LAMBING by George Kalamaras

/ / Issue 9, Poetry

Time was too long each winter.  Each spring
death clung to our tongue.  Just below
it milled failure and success: lambing seasons
that arrived to survive, the job
that finally paid, the art of making love
even when we felt less than whole.  We knew
the Bible would fly off the table
at a moment’s drink.  That the dog’s sound
sleep meant mining activity along the Big Laramie
River had not lasted past 1882.  A hundred years
of lack dread-fed today.  She said something
or other.  He heard something something something.
We cattle-swung regret, lumbering in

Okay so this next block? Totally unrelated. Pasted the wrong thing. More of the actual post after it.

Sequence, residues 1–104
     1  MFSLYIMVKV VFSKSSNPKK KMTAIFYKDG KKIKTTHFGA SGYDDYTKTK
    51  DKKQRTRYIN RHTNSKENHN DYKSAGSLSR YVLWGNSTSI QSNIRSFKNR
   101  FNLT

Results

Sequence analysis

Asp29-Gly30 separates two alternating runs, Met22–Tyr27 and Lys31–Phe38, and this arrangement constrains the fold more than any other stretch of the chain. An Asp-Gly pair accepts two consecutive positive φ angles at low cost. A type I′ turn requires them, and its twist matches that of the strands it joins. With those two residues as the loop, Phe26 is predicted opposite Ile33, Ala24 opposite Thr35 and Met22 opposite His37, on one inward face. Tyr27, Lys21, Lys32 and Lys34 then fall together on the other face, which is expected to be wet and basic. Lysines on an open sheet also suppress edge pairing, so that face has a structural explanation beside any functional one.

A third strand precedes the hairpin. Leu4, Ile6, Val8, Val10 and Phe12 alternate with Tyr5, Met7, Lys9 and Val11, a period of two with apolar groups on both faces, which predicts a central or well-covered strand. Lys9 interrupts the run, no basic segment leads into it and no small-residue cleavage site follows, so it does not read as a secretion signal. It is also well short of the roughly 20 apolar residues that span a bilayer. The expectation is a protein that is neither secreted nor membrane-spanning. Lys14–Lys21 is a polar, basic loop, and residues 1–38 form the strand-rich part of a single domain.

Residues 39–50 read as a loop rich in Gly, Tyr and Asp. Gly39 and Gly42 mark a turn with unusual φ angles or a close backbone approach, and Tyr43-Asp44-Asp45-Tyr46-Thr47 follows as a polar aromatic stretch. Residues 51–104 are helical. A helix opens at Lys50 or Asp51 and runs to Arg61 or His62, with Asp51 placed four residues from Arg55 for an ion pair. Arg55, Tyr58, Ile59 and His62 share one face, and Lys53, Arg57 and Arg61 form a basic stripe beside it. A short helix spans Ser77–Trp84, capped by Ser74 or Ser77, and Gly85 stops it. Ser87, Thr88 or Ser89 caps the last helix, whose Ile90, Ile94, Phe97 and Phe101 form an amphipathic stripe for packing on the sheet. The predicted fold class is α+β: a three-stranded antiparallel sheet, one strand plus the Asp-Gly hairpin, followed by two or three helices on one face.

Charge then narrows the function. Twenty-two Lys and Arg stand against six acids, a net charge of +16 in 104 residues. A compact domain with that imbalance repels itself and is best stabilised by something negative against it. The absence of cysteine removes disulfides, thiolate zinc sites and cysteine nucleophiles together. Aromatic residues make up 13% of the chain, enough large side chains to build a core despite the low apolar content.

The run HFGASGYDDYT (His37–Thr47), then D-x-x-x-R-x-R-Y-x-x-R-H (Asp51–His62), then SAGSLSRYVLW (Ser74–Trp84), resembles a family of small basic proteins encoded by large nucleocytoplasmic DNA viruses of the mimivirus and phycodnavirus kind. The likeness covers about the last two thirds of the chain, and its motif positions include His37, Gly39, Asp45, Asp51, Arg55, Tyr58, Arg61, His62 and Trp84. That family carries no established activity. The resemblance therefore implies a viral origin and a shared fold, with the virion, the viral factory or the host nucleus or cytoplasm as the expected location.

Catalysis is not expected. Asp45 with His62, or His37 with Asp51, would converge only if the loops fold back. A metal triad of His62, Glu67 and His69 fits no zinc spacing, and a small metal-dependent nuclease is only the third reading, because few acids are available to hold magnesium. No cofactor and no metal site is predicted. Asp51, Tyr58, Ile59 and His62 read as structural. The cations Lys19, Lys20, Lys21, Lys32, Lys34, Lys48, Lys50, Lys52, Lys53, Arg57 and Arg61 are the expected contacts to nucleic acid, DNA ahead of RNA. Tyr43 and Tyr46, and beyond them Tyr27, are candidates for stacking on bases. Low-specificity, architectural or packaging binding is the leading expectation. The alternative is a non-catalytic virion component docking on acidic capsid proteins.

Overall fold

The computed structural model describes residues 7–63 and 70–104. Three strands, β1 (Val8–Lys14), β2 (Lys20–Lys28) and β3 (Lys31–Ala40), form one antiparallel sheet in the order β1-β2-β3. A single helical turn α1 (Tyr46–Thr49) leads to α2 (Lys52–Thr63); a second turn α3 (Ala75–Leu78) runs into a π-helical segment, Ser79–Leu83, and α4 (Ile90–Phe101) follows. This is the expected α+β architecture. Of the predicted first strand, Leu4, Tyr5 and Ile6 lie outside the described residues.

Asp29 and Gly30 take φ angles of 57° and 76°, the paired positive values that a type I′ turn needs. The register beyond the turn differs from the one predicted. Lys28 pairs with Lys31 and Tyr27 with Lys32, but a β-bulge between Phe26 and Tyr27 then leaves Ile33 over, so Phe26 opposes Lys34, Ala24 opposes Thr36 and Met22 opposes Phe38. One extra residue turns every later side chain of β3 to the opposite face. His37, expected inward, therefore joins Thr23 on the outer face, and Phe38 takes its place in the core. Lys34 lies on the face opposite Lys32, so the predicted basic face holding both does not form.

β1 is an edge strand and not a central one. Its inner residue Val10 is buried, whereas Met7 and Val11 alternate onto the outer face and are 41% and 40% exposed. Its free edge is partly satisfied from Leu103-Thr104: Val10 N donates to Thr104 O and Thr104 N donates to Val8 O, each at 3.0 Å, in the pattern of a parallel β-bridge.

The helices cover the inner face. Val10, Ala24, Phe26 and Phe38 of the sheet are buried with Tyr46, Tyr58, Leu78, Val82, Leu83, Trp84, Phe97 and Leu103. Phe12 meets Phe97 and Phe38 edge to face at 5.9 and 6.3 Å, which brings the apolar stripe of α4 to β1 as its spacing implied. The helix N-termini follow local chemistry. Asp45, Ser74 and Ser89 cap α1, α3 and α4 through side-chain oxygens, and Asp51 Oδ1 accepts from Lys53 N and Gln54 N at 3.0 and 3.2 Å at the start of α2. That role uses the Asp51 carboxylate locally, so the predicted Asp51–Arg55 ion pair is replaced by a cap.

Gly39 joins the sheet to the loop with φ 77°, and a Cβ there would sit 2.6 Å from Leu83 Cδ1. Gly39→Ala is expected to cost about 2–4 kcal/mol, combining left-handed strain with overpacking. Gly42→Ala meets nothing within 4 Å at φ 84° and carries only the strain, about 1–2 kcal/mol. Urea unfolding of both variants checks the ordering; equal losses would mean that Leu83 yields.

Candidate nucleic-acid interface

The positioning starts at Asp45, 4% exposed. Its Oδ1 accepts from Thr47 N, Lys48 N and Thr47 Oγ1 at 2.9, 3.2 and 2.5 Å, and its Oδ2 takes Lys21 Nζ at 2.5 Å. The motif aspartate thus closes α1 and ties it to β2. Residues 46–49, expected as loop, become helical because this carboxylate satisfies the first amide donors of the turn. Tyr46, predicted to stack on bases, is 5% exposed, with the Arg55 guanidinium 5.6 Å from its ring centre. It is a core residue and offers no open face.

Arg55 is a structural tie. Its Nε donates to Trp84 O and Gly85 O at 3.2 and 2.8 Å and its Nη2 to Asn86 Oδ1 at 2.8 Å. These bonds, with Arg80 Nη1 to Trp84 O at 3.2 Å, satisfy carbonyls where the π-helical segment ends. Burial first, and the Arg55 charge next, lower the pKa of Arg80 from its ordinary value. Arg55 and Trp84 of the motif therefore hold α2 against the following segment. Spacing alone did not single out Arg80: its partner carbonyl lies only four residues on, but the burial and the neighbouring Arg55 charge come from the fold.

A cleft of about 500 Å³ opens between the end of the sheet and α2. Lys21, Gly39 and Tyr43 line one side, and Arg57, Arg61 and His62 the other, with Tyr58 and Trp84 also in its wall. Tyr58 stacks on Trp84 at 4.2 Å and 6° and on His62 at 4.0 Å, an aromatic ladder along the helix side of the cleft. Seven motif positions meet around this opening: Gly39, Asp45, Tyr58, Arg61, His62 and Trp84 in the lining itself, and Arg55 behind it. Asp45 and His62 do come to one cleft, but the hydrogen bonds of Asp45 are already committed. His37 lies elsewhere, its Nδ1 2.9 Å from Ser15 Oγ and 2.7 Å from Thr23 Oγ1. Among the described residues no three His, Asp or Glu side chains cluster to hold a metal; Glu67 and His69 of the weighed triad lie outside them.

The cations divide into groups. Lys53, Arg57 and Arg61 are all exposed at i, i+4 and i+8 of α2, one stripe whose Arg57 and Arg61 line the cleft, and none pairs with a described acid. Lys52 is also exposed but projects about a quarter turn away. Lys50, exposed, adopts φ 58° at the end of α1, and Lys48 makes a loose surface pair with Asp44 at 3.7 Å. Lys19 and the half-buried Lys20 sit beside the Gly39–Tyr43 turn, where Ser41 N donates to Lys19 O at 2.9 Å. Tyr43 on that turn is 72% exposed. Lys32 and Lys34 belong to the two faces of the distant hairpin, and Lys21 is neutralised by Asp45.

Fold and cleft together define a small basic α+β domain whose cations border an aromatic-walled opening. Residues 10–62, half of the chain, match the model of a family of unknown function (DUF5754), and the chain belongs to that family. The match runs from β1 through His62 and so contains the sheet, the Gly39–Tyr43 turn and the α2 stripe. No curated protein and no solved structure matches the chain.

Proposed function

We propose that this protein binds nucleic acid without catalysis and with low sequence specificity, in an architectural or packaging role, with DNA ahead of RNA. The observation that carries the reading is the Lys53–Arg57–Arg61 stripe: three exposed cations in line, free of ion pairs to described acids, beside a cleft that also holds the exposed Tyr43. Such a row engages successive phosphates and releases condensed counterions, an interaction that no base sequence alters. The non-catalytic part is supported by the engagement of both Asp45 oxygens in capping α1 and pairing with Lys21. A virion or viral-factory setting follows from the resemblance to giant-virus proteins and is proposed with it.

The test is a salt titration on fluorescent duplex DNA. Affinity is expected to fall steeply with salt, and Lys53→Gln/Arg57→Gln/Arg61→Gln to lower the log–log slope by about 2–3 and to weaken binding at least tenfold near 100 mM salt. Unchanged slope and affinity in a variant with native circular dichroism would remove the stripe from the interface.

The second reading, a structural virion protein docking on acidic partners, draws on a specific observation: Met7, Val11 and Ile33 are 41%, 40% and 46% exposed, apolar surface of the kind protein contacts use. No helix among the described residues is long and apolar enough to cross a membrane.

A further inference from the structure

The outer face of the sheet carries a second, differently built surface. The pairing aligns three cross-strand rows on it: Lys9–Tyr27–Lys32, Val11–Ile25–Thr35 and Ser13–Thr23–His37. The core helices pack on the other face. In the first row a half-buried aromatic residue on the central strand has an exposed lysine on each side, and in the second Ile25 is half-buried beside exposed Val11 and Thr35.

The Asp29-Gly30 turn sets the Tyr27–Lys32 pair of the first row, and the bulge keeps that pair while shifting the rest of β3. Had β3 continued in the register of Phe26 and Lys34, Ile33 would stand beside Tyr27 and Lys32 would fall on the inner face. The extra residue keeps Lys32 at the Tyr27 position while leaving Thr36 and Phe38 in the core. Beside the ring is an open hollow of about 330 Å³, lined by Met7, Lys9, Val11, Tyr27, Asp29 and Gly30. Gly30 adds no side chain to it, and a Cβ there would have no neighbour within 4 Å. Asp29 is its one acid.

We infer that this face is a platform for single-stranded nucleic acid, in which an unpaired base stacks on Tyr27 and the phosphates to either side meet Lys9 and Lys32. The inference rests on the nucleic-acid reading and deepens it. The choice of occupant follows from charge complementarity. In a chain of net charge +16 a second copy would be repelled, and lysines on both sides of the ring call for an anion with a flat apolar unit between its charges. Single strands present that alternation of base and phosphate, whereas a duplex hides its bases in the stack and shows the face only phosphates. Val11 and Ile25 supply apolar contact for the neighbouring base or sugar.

from the wheat, our heads jostling side to side,
mumbling as if our mouths meant medicine.
Suicide was not an option.  The pawnshop
was too far south, and we didn’t want to register
defeat.  It was easier to watch documentaries
of the Civil War in the palm of the hand
to a bluegrass backdrop that said those times
of cloud cover were cruel.  The Denver Mint,
too, was south.  The silver had long run
out downstream from what our grandmothers hoped could be
permanent indoor plumbing.  Sure, we’d grown
far enough to shit indoors, but now the smell
of a hundred years of struggle lingered
long minutes inside, crawling
up the wall.  We tried to take
walks, even when it rained, the sound
on our roofs a rustle of restless regret
keeping us locked in homes whose walls
displayed photos of how we’d aged.  Each smile,
given on cue, somehow meant falling through
the boards.  How we thought the present was here
to stay.  How our tongues held dread.  How a spring
lamb, unsteady and weak, might bleat defeat.